Volcanoes are erupting in The Philippines, but on-fire Australia received some welcome rain. The Iran war cries have been called off and The Donald’s military powers are about to be hamstrung by the Senate. Meanwhile, his impeachment trial is starting, and we’re all on Twitter for a front-row seat.
What if we could predict and avert catastrophes before they happened? It’s possible. In this interview, founder of The Progress Network Zachary Karabell speaks with R. P. Eddy, CEO of the strategy and geopolitical intelligence firm Ergo, about Cassandra theory, a methodology that uses data to analyze and assess future threats—everything from the COVID-19 pandemic to the rise of ISIS to the Madoff fraud.
R. P., author of the 2017 book Warnings, which predicted a coming pandemic, also led the build-out of the White House’s first-ever pandemic response plan. In this interview, he does a brief post-mortem on the US’ failures in 2020 as well as discusses how people can better integrate lessons on “what went wrong” so more can go right, why he’s long on humanity, and the frameworks for quantifying future harms and benefits.
Watch the full video below or read an extract, which has been edited for clarity and condensed.
We can measure, harms especially, in real time, but we’re not as good at measuring future harms or goods. Considering the work you do on warnings and projections, do you feel there is a way we could add in those future considerations, and to do so with immediacy? For instance, could you imagine something like a dashboard that could do a three-dimensional comparison of current harms and goods versus future harms and goods? It’s hard to prove a negative. It’s hard to prove the catastrophe you stopped. It’s hard to prove the life you saved. That’s correct, but it’s also not quite that simple. What you’re describing is actually susceptible to analysis.
I’ll just kick out for a second. If you look at the pandemic, I know who probably would have had critical roles in a Hillary Clinton administration. I know what they’ve done historically on pandemic disease. I know the plans that were in place during the Obama administration that were teed up to be launched in the event of a pandemic if one were to hit America. So I have a lot of data to start with vis a vis if those people ran those plans. We can make some pretty serious predictions of lives that would have been saved, although I’m not going to get into it, because it becomes so partisan and political, and lot of people will get turned off. But I’ve done the math—it’s a real thing.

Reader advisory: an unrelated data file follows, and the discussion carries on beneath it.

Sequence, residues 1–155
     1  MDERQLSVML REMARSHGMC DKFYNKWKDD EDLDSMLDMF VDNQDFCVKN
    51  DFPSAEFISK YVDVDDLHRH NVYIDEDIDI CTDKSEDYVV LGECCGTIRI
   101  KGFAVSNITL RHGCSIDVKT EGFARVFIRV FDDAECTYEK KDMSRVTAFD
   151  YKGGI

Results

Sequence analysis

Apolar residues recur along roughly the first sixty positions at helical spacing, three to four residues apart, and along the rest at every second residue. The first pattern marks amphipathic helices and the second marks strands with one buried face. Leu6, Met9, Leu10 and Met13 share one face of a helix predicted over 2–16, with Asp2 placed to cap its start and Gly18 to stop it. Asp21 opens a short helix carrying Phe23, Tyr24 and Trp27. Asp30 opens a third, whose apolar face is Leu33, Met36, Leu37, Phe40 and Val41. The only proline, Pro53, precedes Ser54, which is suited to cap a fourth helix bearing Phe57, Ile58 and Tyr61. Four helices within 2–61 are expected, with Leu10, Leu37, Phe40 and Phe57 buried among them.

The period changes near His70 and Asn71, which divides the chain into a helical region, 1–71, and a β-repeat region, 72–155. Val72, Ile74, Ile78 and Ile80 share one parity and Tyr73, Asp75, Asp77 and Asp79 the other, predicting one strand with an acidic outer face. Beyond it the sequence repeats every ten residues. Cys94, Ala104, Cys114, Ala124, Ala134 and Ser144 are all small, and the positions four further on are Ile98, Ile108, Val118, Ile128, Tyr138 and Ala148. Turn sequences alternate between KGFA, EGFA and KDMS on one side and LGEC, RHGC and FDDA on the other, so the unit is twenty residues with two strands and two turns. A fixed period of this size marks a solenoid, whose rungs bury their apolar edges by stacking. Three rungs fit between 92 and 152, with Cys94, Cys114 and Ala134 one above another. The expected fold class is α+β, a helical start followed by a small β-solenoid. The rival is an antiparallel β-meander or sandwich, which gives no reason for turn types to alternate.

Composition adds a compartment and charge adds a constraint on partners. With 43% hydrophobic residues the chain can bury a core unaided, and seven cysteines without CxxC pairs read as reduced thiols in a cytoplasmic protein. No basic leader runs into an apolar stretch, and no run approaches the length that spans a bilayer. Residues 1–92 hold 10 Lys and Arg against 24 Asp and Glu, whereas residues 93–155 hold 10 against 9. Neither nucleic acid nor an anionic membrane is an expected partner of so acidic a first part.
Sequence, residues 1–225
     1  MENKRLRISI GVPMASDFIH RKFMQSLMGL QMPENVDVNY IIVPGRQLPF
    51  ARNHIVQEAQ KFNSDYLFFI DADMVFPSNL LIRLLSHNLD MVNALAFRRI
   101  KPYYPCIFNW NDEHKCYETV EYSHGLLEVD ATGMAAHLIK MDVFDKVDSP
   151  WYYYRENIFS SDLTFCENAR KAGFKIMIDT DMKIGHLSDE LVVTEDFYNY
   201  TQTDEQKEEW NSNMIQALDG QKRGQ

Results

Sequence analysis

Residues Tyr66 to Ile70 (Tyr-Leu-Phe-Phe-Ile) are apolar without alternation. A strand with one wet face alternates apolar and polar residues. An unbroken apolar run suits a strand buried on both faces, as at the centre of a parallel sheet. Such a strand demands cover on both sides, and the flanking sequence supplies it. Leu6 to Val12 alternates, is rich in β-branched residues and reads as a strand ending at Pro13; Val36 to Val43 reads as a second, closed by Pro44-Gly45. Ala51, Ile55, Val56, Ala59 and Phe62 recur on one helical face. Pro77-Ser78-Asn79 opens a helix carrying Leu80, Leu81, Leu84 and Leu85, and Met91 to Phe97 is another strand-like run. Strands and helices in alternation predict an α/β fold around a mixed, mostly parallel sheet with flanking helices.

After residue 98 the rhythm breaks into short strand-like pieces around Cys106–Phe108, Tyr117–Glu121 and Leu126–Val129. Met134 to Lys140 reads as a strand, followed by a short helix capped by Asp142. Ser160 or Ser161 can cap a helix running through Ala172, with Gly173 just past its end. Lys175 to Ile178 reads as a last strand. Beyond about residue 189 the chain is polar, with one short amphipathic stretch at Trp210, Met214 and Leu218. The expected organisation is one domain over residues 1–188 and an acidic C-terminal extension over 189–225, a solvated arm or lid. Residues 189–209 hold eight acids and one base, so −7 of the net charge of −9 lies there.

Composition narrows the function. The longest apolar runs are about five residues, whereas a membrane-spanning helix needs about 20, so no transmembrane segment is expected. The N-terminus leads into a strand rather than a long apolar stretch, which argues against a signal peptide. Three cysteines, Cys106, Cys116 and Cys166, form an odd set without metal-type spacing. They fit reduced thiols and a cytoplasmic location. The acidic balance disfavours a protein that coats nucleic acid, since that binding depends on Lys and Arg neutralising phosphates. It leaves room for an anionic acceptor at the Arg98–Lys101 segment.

There is also a broader way to do it, which is just the general quality of life, the misery indices across different places—how those are changing over time, and looking at the component parts that went into those changes. Climate change, for example. Has that led to more migration? Is the migration clearly climate change related? And what has that migration caused? How much infant mortality can you attribute to that? How much starvation insecurity? It starts to get a little more tenuous as you get to two or three steps out, but you can begin to create the logic line as far as the negative results. On the positive side, for instance on something like the agricultural revolutions of the seventies and eighties and now new agricultural technology, how many lives will that save?
These large things seem very hard and complex, but we have a whole series of tools that we simply don’t use enough to predict not just catastrophes, but things in general.
Are you hopeful, then, that people can meaningfully integrate lessons learned about past things going wrong, even in the absence of evidence year-by-year that that the same future things would go wrong? What I mean by that is that one of the things we learned from the pandemic was that the management of healthcare systems for efficiency does not work well for crises that require excess capacity. Will people learn from this, for instance, that having capacity within the healthcare system is essential? There’s a series of constraints that are close to immoveable, and one is going to be the profit mode. As long as we have a profit-motivated healthcare system, then the private actors—which is the vast majority of the actors—therein are not going to have excess capacity. Why would they keep it, right? So I don’t know that we’ll learn that in the private sector. That is a constraint inside the financial function in which we operate. Another huge constraint is the general idea that “people will learn.” Do people want to learn? Are we in an environment where we’re allowed to learn, where we’re helping each other learn?
With the constraints are increasing challenges. There’s this acceleration of history we’re in now, where a once-in-a-generation pandemic becomes a once-in-a-decade one, a once-in-a-century pandemic becomes a once-in-a-generation one, and so on. We have a massive acceleration of risk.
There’s the great Edward O. Wilson quote about the challenge of man with its Paleolithic mind, medieval institutions, and God-like technology. You could add the increasing amount of godlike threat. The Paleolithic minds—meaning, can humans do this? Can we cooperate together? Can we get past our biases and challenges, our medieval institutions? What does it mean when an 80-year-old geriatric senator is talking to Mark Zuckerberg about the interwebs and pipes, just totally incapable of understanding these dynamics? Amidst all that, can we do better?
Of course we can. It feels daunting, but we can, and most critically, we must.